Physiotherapy helps restore movement and function when someone is affected by injury, illness or disability.
Physiotherapists help people affected by injury, illness or disability through movement and exercise, manual therapy, education and advice.
They maintain health for people of all ages, helping patients to manage pain and prevent disease.
The profession helps to encourage development and facilitate recovery, enabling people to stay in work while helping them to remain independent for as long as possible.
Physiotherapy is a science-based profession and takes a ‘whole person’ approach to health and wellbeing, which includes the patient’s general lifestyle.
At the core is the patient’s involvement in their own care, through education, awareness, empowerment and participation in their treatment.
You can benefit from physiotherapy at any time in your life. Physiotherapy helps with back pain or sudden injury, managing long-term medical condition such as asthma, and in preparing for childbirth or a sporting event.(Chartered Society Physiotherapy)
Physiotherapy is multi-dimensional and can treat a vast variety of conditions. Primarily it focuses on the restoration and rehabilitation of the circulatory and musculo-skeletal systems; it can, however be used to treat conditions as diverse as sports injuries, arthritis and respiratory problems.
Muscular aches: the most common muscular pain is back ache, which affects a high percentage of people. Physiotherapy can ease stiffness, reduce pain and encourage blood flow to the muscles. Massage therapy is also used to reduce tension around aching muscles.
Sports injuries: aches and pains are common following a frantic and physically demanding period of exertion. Often sports players have physiotherapy to ease aches as well as increase flexibility and ease stiffness. If an injury has occurred physiotherapy can facilitate the healing and rehabilitation process.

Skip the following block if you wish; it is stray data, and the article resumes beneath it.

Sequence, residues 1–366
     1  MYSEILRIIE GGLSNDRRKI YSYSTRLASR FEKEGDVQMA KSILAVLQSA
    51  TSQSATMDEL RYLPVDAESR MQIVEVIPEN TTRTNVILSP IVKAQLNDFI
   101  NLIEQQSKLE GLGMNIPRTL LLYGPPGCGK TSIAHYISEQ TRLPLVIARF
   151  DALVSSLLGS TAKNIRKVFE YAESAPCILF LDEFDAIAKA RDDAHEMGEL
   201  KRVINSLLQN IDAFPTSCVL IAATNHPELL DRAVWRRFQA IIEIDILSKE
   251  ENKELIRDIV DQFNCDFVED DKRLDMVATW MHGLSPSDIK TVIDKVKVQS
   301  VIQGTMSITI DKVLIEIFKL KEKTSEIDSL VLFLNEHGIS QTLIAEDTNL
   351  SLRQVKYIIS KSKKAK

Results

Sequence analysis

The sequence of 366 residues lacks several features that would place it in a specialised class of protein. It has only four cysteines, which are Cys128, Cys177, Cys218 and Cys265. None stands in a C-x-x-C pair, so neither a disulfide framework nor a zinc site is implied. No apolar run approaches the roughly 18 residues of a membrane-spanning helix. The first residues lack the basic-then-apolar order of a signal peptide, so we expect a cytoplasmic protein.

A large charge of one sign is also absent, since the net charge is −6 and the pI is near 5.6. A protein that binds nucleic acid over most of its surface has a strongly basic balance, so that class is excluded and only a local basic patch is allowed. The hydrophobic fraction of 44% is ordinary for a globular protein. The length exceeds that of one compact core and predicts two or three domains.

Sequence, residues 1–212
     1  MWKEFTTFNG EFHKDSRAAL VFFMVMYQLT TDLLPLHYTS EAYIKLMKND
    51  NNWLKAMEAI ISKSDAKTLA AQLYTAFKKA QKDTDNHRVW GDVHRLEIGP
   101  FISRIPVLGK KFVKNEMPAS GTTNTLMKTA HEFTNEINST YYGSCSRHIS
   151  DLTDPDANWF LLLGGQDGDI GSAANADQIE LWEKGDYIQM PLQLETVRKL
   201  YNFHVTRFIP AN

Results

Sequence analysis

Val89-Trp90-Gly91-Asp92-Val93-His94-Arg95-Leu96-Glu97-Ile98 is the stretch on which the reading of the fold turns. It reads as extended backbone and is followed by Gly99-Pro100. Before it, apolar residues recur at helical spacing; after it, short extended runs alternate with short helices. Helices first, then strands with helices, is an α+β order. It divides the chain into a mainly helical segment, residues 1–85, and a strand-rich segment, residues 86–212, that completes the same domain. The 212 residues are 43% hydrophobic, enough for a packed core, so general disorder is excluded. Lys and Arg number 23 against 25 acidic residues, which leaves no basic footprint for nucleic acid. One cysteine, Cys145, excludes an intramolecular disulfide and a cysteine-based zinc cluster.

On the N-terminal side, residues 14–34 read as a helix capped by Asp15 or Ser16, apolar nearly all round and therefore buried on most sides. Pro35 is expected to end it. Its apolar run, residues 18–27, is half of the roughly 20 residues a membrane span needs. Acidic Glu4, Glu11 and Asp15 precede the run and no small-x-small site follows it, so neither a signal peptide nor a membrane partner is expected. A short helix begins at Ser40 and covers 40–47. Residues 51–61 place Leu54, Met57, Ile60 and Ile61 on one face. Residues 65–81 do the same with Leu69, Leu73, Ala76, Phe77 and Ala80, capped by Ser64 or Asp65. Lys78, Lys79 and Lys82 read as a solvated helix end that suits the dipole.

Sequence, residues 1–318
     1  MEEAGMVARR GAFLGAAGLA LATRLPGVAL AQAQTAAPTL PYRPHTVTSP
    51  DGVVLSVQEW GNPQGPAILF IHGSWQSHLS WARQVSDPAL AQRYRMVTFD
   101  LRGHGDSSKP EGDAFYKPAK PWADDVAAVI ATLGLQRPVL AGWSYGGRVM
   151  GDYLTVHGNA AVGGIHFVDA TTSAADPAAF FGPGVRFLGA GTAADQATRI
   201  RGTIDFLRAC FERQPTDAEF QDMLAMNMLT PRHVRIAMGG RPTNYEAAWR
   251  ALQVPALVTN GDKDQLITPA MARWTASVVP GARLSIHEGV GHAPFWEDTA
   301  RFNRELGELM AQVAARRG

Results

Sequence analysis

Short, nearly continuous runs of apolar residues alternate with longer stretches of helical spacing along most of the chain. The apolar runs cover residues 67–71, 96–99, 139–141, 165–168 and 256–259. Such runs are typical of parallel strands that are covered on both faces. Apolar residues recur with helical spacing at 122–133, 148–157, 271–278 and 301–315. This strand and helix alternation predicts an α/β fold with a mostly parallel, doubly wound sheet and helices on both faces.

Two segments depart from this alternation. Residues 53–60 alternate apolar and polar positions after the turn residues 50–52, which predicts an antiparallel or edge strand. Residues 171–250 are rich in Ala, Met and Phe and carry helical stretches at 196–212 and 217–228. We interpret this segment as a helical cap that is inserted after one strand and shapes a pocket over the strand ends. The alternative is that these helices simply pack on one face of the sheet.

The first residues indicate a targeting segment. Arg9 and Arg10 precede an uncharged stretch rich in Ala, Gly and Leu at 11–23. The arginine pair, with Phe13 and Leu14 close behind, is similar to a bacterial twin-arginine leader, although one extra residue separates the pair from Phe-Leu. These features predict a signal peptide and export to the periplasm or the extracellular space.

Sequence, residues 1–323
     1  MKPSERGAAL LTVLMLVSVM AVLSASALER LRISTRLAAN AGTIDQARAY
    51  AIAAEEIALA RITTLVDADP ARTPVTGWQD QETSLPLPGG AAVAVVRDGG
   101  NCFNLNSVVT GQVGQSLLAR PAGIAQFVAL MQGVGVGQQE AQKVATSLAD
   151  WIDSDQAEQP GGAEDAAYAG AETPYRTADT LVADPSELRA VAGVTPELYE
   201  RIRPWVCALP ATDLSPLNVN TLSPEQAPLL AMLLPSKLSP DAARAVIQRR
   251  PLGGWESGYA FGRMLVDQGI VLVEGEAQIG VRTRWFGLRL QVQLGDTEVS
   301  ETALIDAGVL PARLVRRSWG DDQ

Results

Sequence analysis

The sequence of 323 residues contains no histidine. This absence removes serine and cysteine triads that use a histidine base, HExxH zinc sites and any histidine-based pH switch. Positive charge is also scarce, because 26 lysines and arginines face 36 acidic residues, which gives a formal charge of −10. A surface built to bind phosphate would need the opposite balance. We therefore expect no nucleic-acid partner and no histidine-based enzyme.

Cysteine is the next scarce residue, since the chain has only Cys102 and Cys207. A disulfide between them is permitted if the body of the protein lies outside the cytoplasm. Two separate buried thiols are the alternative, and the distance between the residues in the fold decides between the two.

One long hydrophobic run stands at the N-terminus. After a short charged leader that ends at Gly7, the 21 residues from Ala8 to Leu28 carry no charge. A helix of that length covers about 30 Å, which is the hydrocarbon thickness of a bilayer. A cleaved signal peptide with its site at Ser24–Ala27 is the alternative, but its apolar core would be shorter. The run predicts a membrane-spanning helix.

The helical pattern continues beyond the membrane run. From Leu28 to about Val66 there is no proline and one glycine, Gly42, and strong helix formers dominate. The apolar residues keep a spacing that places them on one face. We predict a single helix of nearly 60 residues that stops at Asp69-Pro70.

Arthritis: as people get older they are more likely to develop arthritits which affects the joints and can reduce mobility. Physiotherapy helps to ease stiffness in the joints and to increase blood flow to the muscles and enhance the range of physical movement. Physiotherapy can also help to build strength. The exercises are often gentler for older people who are usually more fragile.
Respiratory problems: cystic fibrosis, which is a condition that primarily affects the lungs and digestive system can be helped by physiotherapy. Often physiotherapists can perform exercises which help to cleat the chest and ease breathing. Physiotherapy can also ease and control pain and improve posture which will usually make it easier to breathe. Patients suffering from other conditions including pneumonia, asthma and lung cancer may also benefit from physiotherapy.
Rehabilitation: recovery and rehabilitation processes are instrumental to the well being of a patient especially in the case of a serious accident or a complex medical problem. Cardiac and pulmonary rehabilitation programmes are carried out by physiotherapists to improve circulation, build muscle strength and restore normal bodily functions. In cases where an individual has experienced a serious accident such as a car crash it may be necessary to learn how to walk, sit up and turn over again which will require a long period of intensive physiotherapy; this rehabilitation may include all aspects of treatment in order to facilitate the healing process and control pain.